Customer service in Japan is often heralded as exemplary, but Nintendo in particular has gained a reputation for going above and beyond their customer's needs, earning their service the nickname of "divine customer service" (神対応, kami-taiou). They've been to known to speedily reply to fixing damaged systems and giving personal correspondence to customers, completely replacing a damaged DS circuit board and battery for a total of 65 cents, and even replying to a touching thank you letter from a blind fifth-grader in braille.

Their latest example of looking after their customers may have set a new bar for their reputation, however. In a recent letter submitted to the Asahi Shinbun, a reader by the name of Kuniko Tsusaka wrote about a touching correspondence between Nintendo and her 95-year-old mother.

Tsusaka writes that her mother had always enjoyed playing Tetris on her original model Game Boy which she always kept by her side. However, upon turning 95, her mother feel sick and her Game Boy finally broke down as well (she had already replaced it twice, but only for the original model). They searched at many stores, but no shops sold it or could repair it.

Tsukasa's son, however, aware Nintendo's customer service reputation, told his grandmother that "Nintendo's divine customer service is really good!"--or at least that's what he thought he was telling her. The 95-year-old mistook the word for "divine customer service" (神対応, kami-taiou) as "paper customer service" (紙対応, kami-taiou), which sounds similar but with one kanji being the difference between "divine" and "paper".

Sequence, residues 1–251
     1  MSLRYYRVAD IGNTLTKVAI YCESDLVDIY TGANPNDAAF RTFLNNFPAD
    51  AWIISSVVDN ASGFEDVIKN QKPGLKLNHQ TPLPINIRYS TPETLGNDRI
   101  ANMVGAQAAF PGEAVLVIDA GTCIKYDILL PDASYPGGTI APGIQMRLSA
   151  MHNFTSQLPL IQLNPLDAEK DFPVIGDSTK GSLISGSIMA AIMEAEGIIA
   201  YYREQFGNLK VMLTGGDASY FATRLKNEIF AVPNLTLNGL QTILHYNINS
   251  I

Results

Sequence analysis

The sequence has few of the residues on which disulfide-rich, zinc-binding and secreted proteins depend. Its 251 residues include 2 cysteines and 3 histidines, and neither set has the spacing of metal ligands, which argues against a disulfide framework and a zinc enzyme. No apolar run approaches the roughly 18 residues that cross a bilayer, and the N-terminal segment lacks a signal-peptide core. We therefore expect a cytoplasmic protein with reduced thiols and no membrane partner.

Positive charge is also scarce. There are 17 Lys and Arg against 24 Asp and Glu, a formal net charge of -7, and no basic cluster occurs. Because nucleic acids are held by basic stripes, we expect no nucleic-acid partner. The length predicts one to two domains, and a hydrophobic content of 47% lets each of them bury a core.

Nevertheless, even in poor health the grandmother worked hard at a handwritten letter explaining the situation and sent it with her broken handheld to Nintendo. Within a week, Nintendo sent her a new Game Boy and a letter saying "Please live a long life."

Tsukasa replied to Nintendo with a picture of her overjoyed mother, and writes that while she sadly passed away at the age of 99, is certainly showing her appreciation from up above.

It turns out the "paper" and "divine" mistake didn't matter much, and ended up in the same kind service that uplifted a grandmother who missed her treasured Game Boy.

By - grape Japan editorial staff.